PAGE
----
A hard-lining approach is the only way to deal with people who circulate fake news, like celebrity deaths.
Don't spread fake 'news' if you want me to respect you
The other day, as usual, I reached for my BlackBerry as soon as I woke up. Also, as usual, it was flashing red, indicating that BBMs had been coming in through the night. I unlocked it wearily, ready to delete without reading yet another barrage of broadcast messages inviting me to show my "support" to some event, party or club night or the other - always from the usual suspects. One of the messages was from a contact who never forwards spam broadcasts. Curious, I opened it. And as I read it, I had to sit down.
Ayushmann Khurrana - an actor who made his Bollywood debut just last year - had passed away in a sporting accident. Clicking the link revealed that Khurrana - who was in Zermatt, Switzerland with family and friends - lost control of his snowboard, crashed into a tree and sustained massive injuries. Despite being rushed to a hospital, he couldn't be saved.
The news made me very, very sad. I thought of the first time I met him: he was in Dubai last year to promote his film Vicky Donor. Khurrana was instantly endearing, as he excitedly revealed his hopes and expectations from his debut film. He even gave me his personal email address to send my feedback on the film after I had seen it.
He was just 28. His second film - Nautanki Saala - had just come out a few days ago. I had just spoken to him about the film for an interview that had been published in this paper on April 14.
I had just woken up and this was not the best way to have done it. Wait a minute! I had just woken up, right? It took a few more seconds for my brain to start functioning at least partially; it wouldn't start functioning fully until I had downed my morning cup of karak chai.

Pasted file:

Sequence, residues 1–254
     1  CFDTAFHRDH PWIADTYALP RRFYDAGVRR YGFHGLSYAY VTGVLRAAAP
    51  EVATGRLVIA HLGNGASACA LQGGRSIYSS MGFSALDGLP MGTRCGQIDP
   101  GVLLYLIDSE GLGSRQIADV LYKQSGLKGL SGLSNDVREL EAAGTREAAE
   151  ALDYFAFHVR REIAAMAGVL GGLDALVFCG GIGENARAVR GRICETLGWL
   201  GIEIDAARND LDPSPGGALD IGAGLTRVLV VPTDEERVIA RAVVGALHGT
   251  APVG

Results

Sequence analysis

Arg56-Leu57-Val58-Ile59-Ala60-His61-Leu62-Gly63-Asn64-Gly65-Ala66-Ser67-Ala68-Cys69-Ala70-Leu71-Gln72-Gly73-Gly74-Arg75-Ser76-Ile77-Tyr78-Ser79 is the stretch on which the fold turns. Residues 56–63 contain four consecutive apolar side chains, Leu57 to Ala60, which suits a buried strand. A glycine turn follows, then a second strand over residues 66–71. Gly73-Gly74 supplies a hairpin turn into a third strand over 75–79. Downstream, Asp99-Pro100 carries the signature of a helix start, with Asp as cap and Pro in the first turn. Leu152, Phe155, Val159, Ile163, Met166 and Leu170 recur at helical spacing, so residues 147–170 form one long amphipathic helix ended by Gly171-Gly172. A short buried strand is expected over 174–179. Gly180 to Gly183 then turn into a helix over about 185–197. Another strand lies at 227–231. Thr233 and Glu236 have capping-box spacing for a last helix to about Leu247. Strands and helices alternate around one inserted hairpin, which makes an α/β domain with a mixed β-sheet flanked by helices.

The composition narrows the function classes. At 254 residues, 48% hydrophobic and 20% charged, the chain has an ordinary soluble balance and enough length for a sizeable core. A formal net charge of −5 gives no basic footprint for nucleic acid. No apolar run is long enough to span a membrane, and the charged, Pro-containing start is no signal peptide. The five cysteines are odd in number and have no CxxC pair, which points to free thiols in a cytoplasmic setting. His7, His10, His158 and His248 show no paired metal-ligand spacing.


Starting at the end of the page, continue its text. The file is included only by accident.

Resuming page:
I did what any sane person does these days when they receive any kind of news: I Googled it.
Sure enough, the news was a hoax. It had originated on Global Associated News (a bona fide "fake news" generator where you can - among other things - fake the news of a celebrity's death). All the mischief-minded creator had to do was send the fake news to a bunch of people and trigger-happy folks would spread it all over the world in no time.
I sent this BBM to the person I had received the "news" from: "You should really check the authenticity of news before forwarding it. You were one of the last people I expected to forward fake news, and that too of a person's death. Shame on you."
A hard-line approach is really the only way to deal with people who circulate fake news and urban legends. They just can't get it in their heads that Facebook's Graph App does not make your private Facebook content visible to strangers, the application of egg whites will not prevent burns, KFC did not stop using the word "chicken" because it serves meat from mutant animals and "moneybag" months with five Fridays, five Saturdays, and five Sundays do not occur only once every 800+ years.
Just some friendly advice to anyone who loves going to town with the "share" button: forwarding this kind of information does no one any service. All it does is flag how gullible you are. So next time, do us all a favour and confirm it first.
The writer is an honest-to-goodness desi living in Dubai